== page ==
Same Answer Different Question

I have been reading the New Testament lately and thinking of the cultural implications of what it meant to be a Christian in the First Century. Those jokers were totally counter-cultural. I found this quote that summed it up well, I thought:

…led early Romans to consider the first Christians as atheists, because their “religion” was so upside-down to them. They’d ask, “Where is your temple?” to which the Christians would reply they didn’t have a building, and Jesus was their temple. So then they’d ask, “Well, who is your priest?” to which they’d reply we don’t have a priest on earth, because Jesus is our ultimate priest in Heaven. Finally they’d ask, “Well, who is your sacrifice?” to which the early Christians would respond that they no longer give or do sacrifices because Jesus’ sacrifice was once for all (King’s Cross, Tim Keller, pg.48).

They were believed to be atheistic because their new form of worship to God was so out of the ordinary. Their belief in and consequent following of Jesus seemed to be outside the realm of God.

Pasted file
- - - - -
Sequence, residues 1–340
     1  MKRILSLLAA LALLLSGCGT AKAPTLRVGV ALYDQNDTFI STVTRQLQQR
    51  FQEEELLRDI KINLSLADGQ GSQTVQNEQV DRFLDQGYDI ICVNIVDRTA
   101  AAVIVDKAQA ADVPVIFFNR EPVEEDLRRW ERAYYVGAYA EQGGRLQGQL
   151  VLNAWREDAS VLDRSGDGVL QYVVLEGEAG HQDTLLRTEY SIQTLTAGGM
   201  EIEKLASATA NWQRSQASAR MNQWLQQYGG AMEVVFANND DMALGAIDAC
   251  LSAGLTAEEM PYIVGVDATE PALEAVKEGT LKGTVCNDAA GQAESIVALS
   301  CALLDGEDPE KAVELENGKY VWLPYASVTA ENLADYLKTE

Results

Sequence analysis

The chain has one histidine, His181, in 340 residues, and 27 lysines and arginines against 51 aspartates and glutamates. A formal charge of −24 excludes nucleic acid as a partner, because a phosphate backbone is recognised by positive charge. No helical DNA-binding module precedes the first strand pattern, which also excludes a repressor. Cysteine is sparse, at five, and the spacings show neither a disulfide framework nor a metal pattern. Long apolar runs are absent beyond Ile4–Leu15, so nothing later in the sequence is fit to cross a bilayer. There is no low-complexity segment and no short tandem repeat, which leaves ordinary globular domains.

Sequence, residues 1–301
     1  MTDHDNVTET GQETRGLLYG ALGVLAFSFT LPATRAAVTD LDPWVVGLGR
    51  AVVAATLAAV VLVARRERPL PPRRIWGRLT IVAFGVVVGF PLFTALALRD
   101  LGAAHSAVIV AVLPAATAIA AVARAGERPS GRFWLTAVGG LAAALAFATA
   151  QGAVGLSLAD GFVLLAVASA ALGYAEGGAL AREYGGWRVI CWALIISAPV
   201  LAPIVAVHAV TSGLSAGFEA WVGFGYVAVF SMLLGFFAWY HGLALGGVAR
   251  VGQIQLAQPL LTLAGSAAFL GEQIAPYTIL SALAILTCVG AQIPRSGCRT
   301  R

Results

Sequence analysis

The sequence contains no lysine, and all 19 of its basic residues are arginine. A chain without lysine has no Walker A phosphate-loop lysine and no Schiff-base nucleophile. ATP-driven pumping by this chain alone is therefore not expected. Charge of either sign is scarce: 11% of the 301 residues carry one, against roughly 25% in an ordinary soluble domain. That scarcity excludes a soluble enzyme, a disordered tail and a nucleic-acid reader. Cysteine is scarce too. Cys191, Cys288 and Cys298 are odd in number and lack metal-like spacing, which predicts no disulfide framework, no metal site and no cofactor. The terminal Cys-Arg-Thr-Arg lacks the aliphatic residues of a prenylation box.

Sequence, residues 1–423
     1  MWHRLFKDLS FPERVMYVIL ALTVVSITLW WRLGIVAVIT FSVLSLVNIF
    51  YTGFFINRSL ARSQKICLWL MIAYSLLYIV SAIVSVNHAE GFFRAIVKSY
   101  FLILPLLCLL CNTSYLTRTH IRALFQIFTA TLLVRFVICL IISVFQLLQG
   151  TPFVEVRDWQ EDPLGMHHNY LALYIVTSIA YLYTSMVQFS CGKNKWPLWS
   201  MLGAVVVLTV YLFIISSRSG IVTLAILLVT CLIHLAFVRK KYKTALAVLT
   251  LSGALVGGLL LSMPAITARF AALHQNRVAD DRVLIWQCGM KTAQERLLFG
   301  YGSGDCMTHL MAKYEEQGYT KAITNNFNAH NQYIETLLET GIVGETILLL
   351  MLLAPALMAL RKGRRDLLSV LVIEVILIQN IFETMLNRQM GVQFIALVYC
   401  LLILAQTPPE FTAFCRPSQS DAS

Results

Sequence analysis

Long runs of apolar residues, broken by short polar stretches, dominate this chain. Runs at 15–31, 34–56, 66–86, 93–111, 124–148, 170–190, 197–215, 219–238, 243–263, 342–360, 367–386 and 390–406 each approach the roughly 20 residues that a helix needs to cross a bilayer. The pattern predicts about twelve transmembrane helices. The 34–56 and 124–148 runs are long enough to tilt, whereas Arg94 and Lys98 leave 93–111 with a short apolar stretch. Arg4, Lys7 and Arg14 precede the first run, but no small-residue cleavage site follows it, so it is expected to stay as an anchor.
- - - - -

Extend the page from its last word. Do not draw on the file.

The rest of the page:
More than 2000 years later, I think there is a case to be made for the same conclusion although for different reasons. We have been fine tuning Christianity since the first century. In many places it is now such a well-oiled machine that I wonder if we can’t be considered atheistic as well. If asked “Where is your temple?” we could give directions to our “campus.” When asked “Where is your priest?” we could share our pastor’s phone number or Facebook profile. When asked “Who is your sacrifice?” we would respond Jesus, but I am His representative here. His hands and feet, so to speak. I sacrifice my time and resources every week here.

I want to guard myself against massaging Jesus out of my Christian walk. In themselves none of those things are inherently wrong. However, as a replacement for Jesus they all fall short.

Could we still be viewed as atheistic in Christianity today, even if for other reasons? Have we streamlined Christianity to a point where it’s hard for Jesus to get in?

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